Developing a Structured Decision-Making Model to Facilitate Adaptive Dam Management

Whitney Reynier
Posted on: 12/21/2017 - Updated on: 3/02/2020

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Project Summary

Researchers at the Tennessee Cooperative Fishery Research Unit and Tennessee Tech are developing a structured decision-making model to guide adaptive dam management at the Tims Ford Dam on the Elk River in Tennessee. This model will help optimize dam operations to mitigate negative effects of cold reservoir water release on downstream native aquatic species and sport fish while maintaining human flood protection and hydropower generation opportunities. If successful, this pilot study will facilitate the creation of similar models for dams elsewhere in the state, and lay the foundation for incorporating climate information into future model updates to enhance overall management resilience.


The rivers and streams of Tennessee harbor a highly diverse population of freshwater mussels and aquatic species, as well as support a large sport fishing industry for species such as bass and non-native trout. However, many of Tennessee’s rivers are extensively dammed to provide hydropower generation, water supply, and flood protection for communities in this water-rich state. Dam-induced habitat fragmentation, as well as cold-water release from storage reservoirs above these dams, are threatening many native aquatic fauna that are adapted to warm water temperatures, leading to numerous imperiled and endangered species listings. In addition, cold-water releases are affecting economically important sport fishing species.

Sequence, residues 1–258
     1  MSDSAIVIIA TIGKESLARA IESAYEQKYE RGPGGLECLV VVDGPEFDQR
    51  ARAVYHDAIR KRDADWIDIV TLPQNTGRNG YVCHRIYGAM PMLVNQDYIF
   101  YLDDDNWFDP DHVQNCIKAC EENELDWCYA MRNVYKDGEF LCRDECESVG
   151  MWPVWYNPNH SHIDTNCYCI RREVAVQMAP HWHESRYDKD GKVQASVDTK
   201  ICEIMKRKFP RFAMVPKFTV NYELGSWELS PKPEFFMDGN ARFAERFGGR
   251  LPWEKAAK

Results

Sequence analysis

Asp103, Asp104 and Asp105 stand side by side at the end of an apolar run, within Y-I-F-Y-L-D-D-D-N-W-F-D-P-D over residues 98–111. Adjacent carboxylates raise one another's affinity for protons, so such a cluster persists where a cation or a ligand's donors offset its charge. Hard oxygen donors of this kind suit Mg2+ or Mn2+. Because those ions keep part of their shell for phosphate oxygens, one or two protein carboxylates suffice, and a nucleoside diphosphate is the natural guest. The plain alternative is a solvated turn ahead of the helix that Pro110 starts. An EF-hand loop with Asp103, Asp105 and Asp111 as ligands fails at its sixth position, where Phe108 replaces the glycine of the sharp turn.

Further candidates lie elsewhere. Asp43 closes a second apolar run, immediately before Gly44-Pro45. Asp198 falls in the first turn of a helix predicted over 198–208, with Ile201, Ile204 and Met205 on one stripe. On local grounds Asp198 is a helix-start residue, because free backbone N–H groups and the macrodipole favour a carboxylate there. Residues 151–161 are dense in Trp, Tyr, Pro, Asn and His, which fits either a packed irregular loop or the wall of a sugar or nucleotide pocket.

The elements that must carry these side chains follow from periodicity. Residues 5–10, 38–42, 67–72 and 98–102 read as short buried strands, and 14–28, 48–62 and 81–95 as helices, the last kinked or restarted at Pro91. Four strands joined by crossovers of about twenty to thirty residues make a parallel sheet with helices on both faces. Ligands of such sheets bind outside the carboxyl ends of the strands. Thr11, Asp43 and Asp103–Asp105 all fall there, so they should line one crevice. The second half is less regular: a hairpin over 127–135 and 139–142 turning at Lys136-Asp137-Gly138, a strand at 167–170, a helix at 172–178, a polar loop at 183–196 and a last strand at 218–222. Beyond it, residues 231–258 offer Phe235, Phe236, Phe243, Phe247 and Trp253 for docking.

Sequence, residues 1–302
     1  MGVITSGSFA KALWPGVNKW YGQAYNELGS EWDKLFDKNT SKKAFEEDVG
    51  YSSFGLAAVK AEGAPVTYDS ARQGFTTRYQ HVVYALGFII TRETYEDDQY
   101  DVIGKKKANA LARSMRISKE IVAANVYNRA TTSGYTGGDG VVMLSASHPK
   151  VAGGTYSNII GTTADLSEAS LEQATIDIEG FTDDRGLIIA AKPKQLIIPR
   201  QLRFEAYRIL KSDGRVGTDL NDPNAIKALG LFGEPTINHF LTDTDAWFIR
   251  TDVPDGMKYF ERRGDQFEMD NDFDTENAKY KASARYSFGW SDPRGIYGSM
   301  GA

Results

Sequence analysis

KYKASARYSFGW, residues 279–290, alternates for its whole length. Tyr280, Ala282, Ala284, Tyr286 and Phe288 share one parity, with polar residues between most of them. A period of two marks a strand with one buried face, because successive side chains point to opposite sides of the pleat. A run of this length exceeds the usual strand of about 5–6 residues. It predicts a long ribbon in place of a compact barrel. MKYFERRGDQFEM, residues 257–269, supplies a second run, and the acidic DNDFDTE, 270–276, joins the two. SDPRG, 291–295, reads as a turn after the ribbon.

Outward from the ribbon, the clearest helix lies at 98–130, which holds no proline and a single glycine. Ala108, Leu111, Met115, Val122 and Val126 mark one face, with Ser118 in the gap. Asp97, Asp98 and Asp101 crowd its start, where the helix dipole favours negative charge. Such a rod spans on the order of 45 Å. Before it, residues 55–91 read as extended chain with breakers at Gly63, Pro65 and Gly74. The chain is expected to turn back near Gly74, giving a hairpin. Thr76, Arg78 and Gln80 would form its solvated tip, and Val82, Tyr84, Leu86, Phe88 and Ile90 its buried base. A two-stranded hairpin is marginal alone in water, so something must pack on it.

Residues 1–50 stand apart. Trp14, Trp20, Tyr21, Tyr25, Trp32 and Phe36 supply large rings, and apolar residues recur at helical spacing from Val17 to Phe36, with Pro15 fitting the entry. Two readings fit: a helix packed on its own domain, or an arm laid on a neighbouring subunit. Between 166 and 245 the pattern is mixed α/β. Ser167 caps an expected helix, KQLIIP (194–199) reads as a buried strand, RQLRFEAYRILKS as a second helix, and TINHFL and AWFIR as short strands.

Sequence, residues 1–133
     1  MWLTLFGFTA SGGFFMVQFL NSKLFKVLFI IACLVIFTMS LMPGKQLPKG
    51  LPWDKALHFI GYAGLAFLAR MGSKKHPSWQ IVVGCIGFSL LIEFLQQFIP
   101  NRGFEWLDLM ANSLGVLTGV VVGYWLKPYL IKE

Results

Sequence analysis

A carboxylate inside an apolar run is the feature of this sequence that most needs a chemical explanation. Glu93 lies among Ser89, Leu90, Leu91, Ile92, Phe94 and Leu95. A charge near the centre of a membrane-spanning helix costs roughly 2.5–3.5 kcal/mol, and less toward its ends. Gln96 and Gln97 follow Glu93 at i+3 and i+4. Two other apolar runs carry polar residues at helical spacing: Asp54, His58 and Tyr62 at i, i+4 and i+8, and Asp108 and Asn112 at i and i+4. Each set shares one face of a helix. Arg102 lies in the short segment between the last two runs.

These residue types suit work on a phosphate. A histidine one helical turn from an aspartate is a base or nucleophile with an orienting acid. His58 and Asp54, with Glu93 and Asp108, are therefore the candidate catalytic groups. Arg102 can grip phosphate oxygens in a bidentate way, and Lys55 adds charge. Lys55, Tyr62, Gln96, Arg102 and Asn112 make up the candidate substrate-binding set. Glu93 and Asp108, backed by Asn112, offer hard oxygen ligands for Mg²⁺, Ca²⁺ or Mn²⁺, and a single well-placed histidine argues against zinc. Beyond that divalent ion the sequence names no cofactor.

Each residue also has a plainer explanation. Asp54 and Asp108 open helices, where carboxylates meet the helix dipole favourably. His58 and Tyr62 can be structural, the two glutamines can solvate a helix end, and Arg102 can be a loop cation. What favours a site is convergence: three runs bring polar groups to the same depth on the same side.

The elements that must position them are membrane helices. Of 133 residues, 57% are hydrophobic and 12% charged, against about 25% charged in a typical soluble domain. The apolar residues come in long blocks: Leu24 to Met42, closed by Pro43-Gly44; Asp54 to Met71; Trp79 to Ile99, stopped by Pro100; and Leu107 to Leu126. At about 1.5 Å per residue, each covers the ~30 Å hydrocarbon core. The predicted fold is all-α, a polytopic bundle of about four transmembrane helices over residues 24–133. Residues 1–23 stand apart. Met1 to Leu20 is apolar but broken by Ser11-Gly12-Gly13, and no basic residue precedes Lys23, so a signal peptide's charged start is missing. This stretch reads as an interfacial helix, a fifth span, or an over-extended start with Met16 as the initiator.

In an attempt to find a balance between hydropower, flood protection, and aquatic species needs, the U.S. Fish and Wildlife Service, Tennessee Valley Authority, and the Tennessee Wildlife Resources Agency approached the Tennessee Cooperative Fishery Research Unit for help. Using a combination of grant and state funding totaling close to $280,000, the Tennessee Cooperative Fishery Research Unit, in collaboration with Tennessee Tech, is developing, implementing, and optimizing a structured decision-making model for Tims Ford Dam on the Elk River in south-central Tennessee. This model is designed to serve as a management guide to improve dam operations to optimize conditions for downstream fish species such as the endangered Boulder Darter and expand their distribution while maintaining flood protection and hydropower opportunities.


To guide development of the structured decision-making model (SDMM), researchers first collected a variety of ecological and hydrological field data. Researchers from the Fisheries Unit and Tennessee Tech were able to obtain water flow and quality data from the Tennessee Valley Authority. However, gathering ecological data proved to be much more time consuming. To generate an accurate SDMM, researchers had to gather ecological information on focal species’ occupancy, life history, and current range. Limited monitoring data was previously available, so the research team had to generate and test different species detection techniques and survey protocols, and create species occupancy models. Although gathering this field data took a long time, it was a critical part of the process. The information and protocols generated from this pilot study can likely be applied to other areas, and will be used to monitor adaptive dam management impacts on Elk River fauna.

Researchers also gathered information related to current dam management. They talked with dam operators to identify hydropower needs, flood protection and flood period requirements, and to better understand current operating procedures. By identifying current management parameters, researchers were able to identify opportunities for altered flow management that still meet operational requirements.